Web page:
Client clearing in Asia is gathering steam as mandates come into force across the region and the globalisation of the OTC market reform pulls in an increasing pool of market participants.
Standard Chartered has combined its pedigree and deep history in the Asian market with its status as a major international bank to develop a client clearing offering well suited for the fast growing Asian investment market.
Standard Chartered is a relative newcomer to the world of OTC clearing having built the offering out following the hiring of Luke Brereton and Andrew Sterry as co-heads of the Prime Services business.
“We built our clearing platform after many others in the industry, and had the advantage of developing based on a known regulatory landscape and utilising technology providers that had already developed expertise and experience in the market,” says Sterry.
“We have evolved our technology platform in a way that everything we build is complementary and developed with the foresight of what is coming next and how it adds value to what we currently do.”
That philosophy has enabled Standard Chartered to build a market leading client clearing offering in Asia with key innovations around its approach to risk management, pricing structures, offsetting cleared and uncleared exposures and dynamic allocation functionality across SEFs and MTFs.
Evolving with the market
The bank has evolved its clearing offering with its client base working with clients to develop their understanding of the clearing model and the cost and pricing implications of its adoption.
They have done so against a changing regulatory environment across Asia as various jurisdictions introduce OTC clearing mandates at different speeds and with different scopes.
“Asian regulators have learnt from the experiences in the US and Europe with their introduction of clearing mandates,” says Brereton. “They have taken the right approach and not used a sledgehammer when a more delicate operation is required.
“The majority of swaps trading activity originates from the US and Europe so there are clearly different approaches required for regulators in Asian markets.”
One challenge for clients in Asia and other emerging market economies has been the difference in their demand for clearing and the provision of clearing services by CCPs and clearing members.
“If you are a bank in Asia you might look at your portfolio and calculate that if you clear a large portion of your derivatives book you will get favourable capital treatment” says Brereton.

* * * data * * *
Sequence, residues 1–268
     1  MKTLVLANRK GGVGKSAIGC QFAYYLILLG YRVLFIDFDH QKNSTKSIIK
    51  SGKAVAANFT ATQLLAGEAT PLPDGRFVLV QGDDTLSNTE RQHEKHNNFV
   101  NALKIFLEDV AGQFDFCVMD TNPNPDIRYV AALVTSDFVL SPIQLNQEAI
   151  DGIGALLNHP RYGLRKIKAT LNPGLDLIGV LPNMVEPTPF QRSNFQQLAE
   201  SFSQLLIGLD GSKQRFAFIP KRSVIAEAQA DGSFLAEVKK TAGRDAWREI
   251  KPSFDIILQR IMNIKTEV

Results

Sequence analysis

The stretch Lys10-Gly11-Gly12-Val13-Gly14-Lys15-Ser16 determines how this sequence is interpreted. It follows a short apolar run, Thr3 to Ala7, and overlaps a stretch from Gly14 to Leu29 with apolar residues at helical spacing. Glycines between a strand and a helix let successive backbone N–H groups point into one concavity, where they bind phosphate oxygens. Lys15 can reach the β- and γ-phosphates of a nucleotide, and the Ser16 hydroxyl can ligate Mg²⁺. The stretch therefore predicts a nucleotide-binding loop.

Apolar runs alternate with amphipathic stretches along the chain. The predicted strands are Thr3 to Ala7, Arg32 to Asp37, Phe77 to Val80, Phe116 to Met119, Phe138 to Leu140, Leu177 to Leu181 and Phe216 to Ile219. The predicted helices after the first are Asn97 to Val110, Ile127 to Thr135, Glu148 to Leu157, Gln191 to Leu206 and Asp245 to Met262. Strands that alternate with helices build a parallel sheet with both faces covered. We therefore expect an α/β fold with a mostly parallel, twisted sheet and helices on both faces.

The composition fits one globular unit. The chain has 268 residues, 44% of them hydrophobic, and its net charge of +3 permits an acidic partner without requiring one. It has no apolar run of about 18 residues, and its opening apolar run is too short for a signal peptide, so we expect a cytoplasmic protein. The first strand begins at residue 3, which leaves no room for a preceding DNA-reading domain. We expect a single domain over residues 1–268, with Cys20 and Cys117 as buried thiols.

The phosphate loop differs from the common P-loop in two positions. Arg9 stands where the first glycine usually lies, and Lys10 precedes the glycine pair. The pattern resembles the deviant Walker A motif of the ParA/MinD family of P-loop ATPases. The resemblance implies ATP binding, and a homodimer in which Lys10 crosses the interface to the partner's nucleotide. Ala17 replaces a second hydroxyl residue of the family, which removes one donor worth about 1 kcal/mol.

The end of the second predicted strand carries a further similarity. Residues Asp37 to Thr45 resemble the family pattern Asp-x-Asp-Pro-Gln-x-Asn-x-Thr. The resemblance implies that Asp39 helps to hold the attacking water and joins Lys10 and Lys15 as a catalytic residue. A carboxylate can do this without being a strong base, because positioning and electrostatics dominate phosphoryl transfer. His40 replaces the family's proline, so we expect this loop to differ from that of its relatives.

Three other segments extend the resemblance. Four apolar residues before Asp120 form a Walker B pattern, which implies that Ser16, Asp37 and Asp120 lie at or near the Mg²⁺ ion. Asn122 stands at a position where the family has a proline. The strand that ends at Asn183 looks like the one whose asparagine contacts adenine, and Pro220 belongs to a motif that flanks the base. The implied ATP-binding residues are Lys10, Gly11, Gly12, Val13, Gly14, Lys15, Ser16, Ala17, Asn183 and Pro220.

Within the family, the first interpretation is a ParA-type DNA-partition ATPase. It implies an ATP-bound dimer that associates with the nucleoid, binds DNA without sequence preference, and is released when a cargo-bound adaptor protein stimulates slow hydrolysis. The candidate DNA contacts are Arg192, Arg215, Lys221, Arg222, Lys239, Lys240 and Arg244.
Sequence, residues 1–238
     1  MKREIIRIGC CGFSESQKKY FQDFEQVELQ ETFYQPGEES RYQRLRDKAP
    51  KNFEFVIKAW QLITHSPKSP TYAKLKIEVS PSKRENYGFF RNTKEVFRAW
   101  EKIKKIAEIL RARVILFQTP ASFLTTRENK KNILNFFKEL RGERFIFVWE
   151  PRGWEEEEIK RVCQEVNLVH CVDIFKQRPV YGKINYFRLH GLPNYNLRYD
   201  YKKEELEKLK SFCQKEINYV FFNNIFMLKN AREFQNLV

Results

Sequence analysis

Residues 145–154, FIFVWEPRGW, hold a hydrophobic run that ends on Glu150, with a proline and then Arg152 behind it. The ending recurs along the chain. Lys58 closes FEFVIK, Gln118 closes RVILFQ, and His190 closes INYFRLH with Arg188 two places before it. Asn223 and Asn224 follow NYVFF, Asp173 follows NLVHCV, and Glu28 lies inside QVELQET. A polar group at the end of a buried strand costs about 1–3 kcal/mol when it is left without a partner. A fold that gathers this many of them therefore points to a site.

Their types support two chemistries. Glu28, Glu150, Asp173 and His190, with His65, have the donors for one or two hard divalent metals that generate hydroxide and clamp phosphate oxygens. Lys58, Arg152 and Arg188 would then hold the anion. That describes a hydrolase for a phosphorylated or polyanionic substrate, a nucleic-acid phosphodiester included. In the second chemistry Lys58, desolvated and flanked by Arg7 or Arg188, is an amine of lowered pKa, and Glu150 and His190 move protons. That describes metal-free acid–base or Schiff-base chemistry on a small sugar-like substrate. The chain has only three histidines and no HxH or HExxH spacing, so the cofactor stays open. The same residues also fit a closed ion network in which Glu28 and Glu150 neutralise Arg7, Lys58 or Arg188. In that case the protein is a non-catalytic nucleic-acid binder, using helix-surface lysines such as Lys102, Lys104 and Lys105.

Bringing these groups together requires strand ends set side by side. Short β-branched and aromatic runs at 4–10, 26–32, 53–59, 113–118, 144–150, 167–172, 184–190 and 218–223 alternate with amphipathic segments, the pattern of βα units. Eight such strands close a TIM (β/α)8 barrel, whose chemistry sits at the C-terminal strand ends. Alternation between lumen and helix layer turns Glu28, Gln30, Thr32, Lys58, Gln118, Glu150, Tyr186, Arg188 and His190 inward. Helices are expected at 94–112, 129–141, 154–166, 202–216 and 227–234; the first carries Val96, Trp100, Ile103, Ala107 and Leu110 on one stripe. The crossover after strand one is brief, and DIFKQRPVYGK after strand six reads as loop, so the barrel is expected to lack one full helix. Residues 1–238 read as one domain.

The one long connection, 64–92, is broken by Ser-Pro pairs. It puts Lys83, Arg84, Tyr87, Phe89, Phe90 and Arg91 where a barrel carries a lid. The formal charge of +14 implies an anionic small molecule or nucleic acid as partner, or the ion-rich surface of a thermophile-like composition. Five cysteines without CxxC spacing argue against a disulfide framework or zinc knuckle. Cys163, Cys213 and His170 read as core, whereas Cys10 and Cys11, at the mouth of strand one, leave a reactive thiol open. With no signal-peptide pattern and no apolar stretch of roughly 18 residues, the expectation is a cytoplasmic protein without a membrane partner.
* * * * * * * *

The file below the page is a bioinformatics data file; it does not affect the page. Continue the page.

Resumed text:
“But if the derivatives that you are most active in are not supported by a CCP, you will not be able to clear them. A lot of banks would like to take advantage of the benefits that come with clearing but they are not able to clear a vast majority of their portfolio.”
He cites a number of instruments that are currently not capable of being cleared such as cross currency swaps, certain local swaption products and several Asian currencies.
This has resulted in the bifurcation of portfolios between cleared and non-cleared and the associated increase in costs.
To mitigate this, Standard Chartered has developed a technology-driven approach to risk management that enables these positions to be margined on a net-risk basis, significantly increasing capital efficiencies and minimising the margin required.
“The fact that some products are required to be centrally cleared and others aren’t is ideal for us and many of our clients,” says Brereton.
He cites the example of providing FX prime brokerage to clients trading NDFs. When the client gives them up to the bank, Standard Chartered clears the dealer leg thus consolidating the dealer facing trades with the CCP reducing the total cost of ownership.
“That hybrid model is a real benefit as the client can gain efficiencies from clearing even if they are not clearing themselves. “
Pricing the offering
Another area of innovation has been in how Standard Chartered has priced its client clearing offering. The pressures on banks in the business following the introduction of Basel III-inspired capital charges and leverage and liquidity coverage requirements has been well documented.
Standard Chartered turned them into a selling point by incorporating the calculations into their pricing model and providing clients with a scientific and entirely transparent means of charging directly against the balance sheet usage required to fund a trade.
Brereton describes this approach, in which the client has complete visibility over the cost of their portfolios to the bank, as a “no brainer”.
“Clients really like the transparency and it helps them to know the cost of clearing and plan how they trade and execute,” he says. “We are running our service in a way that reduces our costs and subsequently the cost to the client.”